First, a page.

pathetic souls would stand huddled around the bus stop to
shield ourselves from the whipping winds and below-zero
Growing up in and around Philadelphia, I don't recall the
elevated trains, subways or trolleys being particularly
friendly or clean places. To walk through the urine-drenched
subway tube was to take one's life in one's hands, as drug
dealers and muggers waited for customers or victims there.
Even Washington, D.C.'s Metro system, which I depended on
during my college years, was no joy. It was clean and
well-patrolled, unlike the aged Philly subway. But the stops
were often isolated, leaving the rider in lonely, dark parking
lots at the end of the journey. The subway had limited hours,
so riders could be stuck if they ran a little late. I remember
once trying to lug groceries home in the rain on the D.C.
Then the glorious day arrived that I got that job. I could
finally buy a sand-colored 1983 Ford Escort, with its cheap
woven upholstery, four-speed stick shift and air conditioning.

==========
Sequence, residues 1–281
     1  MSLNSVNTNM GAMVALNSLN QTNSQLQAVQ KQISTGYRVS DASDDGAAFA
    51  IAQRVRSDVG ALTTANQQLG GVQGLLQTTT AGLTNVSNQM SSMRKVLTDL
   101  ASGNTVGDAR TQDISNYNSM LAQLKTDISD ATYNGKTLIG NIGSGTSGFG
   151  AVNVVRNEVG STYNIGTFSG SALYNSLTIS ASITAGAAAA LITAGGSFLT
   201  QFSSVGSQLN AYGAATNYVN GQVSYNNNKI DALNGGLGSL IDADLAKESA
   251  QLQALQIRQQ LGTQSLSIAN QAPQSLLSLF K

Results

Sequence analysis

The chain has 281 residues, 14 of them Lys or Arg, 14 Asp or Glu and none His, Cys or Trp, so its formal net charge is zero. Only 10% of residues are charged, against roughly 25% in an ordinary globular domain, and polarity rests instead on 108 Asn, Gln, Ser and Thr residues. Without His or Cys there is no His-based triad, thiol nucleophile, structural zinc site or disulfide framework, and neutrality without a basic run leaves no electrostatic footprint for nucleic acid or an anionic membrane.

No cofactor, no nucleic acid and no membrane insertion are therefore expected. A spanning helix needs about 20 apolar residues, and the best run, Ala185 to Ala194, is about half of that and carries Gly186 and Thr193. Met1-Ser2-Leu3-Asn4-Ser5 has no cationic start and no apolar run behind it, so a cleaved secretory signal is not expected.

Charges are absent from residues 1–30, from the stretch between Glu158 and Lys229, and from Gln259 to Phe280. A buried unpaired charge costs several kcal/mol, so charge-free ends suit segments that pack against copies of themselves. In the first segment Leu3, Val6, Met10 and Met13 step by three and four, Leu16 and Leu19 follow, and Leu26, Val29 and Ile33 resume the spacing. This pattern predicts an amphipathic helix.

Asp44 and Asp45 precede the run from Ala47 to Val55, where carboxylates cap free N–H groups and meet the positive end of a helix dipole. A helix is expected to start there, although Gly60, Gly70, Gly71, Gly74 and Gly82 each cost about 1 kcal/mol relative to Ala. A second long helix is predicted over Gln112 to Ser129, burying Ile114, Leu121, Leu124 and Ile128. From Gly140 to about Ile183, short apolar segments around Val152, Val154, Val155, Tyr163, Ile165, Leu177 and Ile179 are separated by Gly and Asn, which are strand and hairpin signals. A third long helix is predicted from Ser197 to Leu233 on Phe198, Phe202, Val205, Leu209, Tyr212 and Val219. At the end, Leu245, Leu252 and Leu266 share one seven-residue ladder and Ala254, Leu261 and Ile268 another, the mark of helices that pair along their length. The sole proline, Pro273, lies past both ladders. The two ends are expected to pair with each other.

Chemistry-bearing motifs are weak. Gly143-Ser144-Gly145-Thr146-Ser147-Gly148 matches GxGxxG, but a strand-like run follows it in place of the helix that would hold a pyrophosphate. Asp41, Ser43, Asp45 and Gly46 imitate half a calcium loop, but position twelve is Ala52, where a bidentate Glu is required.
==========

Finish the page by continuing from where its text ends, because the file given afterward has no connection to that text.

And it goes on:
That enabled me to leave my inner-city neighborhood, with its
trash-strewn sidewalks and constant sirens, and move onto a
tree-lined street in the Virginia suburbs. I could commute in
comfort, listening to the radio far away from anyone who might
have bladder-control or cleanliness issues.
I even car-pooled for a while - but it was when it suited
me, not to take advantage of those blasted HOV lanes. I racked
up 20,000 miles the first year, driving to the West Virginia
mountains, the Maryland beaches and everywhere in between. It
was the feeling of freedom, of the open road, of being able to
come and go as I pleased.
One activist group that helps the poor released a study
years back acknowledging that the best form of transportation
for the working poor is a used car. Good for them for
acknowledging the truth: Most people, rich or poor, would
rather drive than be herded into rail cars. We'd rather read
Car and Driver magazine about 300-horsepower Mustangs than
listen to lectures about sustainability.
Mobility is freedom. Which largely explains why government
officials, academics and planners are so hostile to the
automobile, suburbia and every other icon of the American